- Price Variance Prediction – Increasing savings and reducing costs are primary focus areas for procurement professionals. For volume orders, even a dollar of saving per unit can deliver an enormous impact to the TCO (Total Costs of Ownership). Juxtaposing two invoices from consecutive months may not exhibit significant price variance. But analyzing historical trends gives a deeper dive into varying costs. ML enables solutions that can detect these price variations, identify cheapest suppliers for a category, and enable better sourcing decisions that keep the supply chain risk-free.
- Detecting anomalies and fraud prevention – Fraudulent transactions have cost the global economy trillions of dollars in the past decade. For businesses, fraudulent transactions may even cost up to 10% of total spending. Such transactions have some patterns that are detectible by Machine Learning algorithms but either cannot be detected by humans or it would take a gargantuan effort to do so. Besides, fraud detection is not limited to large transactions that can come under the scanner easily. Multiple smaller transactions can add up to a huge chunk of these anomalies, so preventing them can become huge savings opportunities.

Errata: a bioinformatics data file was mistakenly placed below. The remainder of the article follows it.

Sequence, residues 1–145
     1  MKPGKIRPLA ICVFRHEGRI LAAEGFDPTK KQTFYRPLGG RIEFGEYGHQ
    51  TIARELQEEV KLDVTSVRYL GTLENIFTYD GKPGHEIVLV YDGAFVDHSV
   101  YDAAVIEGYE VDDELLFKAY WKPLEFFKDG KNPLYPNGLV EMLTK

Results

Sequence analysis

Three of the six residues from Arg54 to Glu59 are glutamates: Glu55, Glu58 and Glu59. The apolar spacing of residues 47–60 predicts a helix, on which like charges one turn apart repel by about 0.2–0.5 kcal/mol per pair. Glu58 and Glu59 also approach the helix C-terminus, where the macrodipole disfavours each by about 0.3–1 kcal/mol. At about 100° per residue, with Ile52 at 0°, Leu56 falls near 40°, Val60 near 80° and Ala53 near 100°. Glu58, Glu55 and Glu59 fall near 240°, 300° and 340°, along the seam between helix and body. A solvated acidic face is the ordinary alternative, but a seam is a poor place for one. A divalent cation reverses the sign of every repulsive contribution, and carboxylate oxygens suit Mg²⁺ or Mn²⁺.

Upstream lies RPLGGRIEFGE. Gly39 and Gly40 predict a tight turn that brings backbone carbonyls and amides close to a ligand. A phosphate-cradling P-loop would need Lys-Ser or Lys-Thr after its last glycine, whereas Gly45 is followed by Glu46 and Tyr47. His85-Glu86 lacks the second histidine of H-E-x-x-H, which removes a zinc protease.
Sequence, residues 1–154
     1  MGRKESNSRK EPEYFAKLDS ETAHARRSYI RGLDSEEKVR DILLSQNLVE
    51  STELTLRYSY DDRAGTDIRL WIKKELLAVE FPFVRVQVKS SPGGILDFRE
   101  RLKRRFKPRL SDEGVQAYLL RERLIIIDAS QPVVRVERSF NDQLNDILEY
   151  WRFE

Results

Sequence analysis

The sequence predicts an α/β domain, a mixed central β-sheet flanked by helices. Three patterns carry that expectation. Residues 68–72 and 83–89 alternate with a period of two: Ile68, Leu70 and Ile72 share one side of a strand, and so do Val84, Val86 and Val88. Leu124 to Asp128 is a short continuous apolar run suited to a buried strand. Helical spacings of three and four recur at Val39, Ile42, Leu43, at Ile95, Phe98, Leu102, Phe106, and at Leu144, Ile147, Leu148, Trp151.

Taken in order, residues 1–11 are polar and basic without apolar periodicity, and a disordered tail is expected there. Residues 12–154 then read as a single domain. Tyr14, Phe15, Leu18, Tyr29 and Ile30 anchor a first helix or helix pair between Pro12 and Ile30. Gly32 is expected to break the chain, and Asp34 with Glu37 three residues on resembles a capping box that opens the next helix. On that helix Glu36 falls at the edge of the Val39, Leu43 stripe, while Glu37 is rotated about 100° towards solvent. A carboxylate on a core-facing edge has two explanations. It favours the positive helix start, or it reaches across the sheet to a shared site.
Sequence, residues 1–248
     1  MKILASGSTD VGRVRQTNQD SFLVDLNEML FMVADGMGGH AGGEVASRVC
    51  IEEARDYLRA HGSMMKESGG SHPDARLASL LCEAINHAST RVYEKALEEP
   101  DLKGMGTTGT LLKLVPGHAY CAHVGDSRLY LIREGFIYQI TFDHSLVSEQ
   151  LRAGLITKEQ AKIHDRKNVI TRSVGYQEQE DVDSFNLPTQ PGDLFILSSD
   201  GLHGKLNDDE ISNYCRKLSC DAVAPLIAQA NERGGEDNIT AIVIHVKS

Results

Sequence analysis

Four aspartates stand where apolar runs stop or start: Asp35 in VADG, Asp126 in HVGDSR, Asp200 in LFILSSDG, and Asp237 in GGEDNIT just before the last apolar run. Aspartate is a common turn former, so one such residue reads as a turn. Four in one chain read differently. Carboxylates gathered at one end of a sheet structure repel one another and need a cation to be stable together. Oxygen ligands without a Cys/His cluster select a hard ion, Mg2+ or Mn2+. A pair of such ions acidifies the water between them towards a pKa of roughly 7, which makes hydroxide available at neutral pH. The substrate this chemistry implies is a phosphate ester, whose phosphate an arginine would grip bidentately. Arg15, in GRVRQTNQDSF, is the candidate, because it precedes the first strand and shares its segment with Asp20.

- Increasing Contract Compliance – Implementing AI and ML in the contracting process has flipped that entire process by making it more automated and risk-free. Using machine learning solutions, out-of-contract spends can be greatly reduced. These algorithms run through contracts, analyze past contracts, and provide insights to make these contracts much more compliant, reducing the risk of poor contracting.
- More Informed Sourcing Decisions – Procurement is a cost center that can flip into a savings center by using better sourcing decisions. Many times, sourcing decisions taken manually may be skewed or biased, may be erroneous, or may not be taken considering multiple factors. These factors cannot be evaluated and aggregated fully without using ML-enabled logic. Sub-par sourcing decisions can deprive companies of any advantages that they may have over their competitors. Machine learning analyzes past transactions to develop a training model able to detect any anomalies in the sourcing decisions with high accuracy and offer alternate and better options to pursue.
In closing, the applications of ML for supply chain are both numerous and versatile. Those that we have touched upon here are just a few of the ways that ML can kickstart the drive to maximize value through improvements in forecasting and mitigating risks. ML applications learn from the data they process and become better at predictions as they analyze more and more data to extract historical trends that drive informed outputs. These solutions are SaaS-based and easy to implement across organizational records systems and are upgradable and extendible. With a typical implementation period of just 3-6 months, and initial actionable results being generated within a few weeks of implementation, cost of ownership can be optimized relatively quickly.